Council housing for life and 'fairness'

It is being reported this morning (e.g. on Today) that security of tenure for council tenants will be reduced to two and a half years. In what is a fairly typical pattern for DCLG these days, there is nothing in the way of more information or a press release on the website.
It seems that after 2 years or so all tenants will be assessed for whether they ‘need’ council housing anymore; perhaps their income has risen or their household has become smaller. If they don’t ‘need’ it, they’ll have six months to move out. Again, the government will wheel-out a ‘fairness’ argument: why should people receive a subsidised property when they have the means to afford one in the market (probably private rented market) while there are others in need on the waiting list? So far so good?
But this surely is a bit of a disaster for making work pay and providing incentives to get into work; the major problem which IDS and George Osbourne are trying to solve? The government’s basic criticism against social housing is that is underpins dependency, poverty and worklessness: people get a cheap social home for life, with no conditions and no incentive to improve their circumstances.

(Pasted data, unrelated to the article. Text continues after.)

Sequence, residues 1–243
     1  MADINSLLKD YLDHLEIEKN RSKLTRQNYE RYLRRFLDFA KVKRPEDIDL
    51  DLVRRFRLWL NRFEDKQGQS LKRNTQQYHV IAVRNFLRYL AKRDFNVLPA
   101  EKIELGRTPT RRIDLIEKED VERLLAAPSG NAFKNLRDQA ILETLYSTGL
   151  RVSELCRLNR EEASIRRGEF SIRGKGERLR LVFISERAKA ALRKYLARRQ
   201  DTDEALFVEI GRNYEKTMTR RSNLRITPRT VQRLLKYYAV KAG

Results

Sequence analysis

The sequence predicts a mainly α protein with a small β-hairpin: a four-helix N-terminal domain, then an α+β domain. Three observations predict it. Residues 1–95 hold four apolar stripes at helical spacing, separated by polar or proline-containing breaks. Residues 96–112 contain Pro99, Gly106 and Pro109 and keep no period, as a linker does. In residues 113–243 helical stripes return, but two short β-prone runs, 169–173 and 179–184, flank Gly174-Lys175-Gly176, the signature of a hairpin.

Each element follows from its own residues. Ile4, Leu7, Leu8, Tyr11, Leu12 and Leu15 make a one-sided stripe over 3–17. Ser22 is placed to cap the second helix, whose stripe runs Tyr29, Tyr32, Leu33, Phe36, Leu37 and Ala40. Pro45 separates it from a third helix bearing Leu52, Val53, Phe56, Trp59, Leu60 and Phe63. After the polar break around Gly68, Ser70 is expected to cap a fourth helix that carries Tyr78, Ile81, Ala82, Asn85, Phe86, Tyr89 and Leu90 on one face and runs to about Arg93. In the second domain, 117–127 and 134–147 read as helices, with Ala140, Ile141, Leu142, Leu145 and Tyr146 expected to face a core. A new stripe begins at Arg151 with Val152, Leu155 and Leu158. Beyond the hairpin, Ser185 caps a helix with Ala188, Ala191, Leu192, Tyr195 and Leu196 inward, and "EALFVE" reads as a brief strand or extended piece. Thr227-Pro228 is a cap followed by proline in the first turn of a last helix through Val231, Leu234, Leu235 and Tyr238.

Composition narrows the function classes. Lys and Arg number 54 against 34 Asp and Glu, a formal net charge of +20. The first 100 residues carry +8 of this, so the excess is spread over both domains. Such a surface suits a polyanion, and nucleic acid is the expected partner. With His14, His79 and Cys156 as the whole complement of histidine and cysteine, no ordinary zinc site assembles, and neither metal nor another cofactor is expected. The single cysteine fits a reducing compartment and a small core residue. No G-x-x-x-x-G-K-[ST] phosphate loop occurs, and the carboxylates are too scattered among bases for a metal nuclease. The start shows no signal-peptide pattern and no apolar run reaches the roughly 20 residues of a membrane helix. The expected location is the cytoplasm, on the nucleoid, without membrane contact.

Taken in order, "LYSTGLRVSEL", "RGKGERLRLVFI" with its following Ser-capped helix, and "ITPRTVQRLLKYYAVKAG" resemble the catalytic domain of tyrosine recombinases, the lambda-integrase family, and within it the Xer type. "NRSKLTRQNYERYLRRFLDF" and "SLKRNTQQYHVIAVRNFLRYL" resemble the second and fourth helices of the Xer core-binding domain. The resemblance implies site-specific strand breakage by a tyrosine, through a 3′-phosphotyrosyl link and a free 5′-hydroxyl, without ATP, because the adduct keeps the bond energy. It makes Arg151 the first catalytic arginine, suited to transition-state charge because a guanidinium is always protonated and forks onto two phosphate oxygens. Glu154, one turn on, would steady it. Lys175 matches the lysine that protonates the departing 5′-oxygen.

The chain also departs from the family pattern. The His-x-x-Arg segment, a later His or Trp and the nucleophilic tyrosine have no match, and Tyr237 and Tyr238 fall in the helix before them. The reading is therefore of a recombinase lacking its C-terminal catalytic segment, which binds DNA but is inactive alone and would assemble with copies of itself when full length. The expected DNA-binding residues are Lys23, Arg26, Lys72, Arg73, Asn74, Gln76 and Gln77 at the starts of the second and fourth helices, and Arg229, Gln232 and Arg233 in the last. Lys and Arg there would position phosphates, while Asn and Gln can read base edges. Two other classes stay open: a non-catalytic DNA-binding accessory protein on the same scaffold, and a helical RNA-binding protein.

But surely this reform runs completely counter to this? If you are on a low-income or without a job and you get a social tenancy from next summer onwards, why on earth would you strive to get a job or increase your income? You’d know that it meant, in a couple of years’ time, you’d lose your home because of it. 
If you did get a job, most likely not a well paid one, isn’t there quite a big incentive to ‘lose’ it just before you get assessed by the tenancy police?
People’s homes are pretty important to them, especially if they’ve been on a waiting list for years to get one. The unstable and poorly paid jobs that people often get as they first move into work, may well be sacrificed so they can keep their home.
This is such an obvious counter argument that I’m sure there is a government fudge on the issue on the way.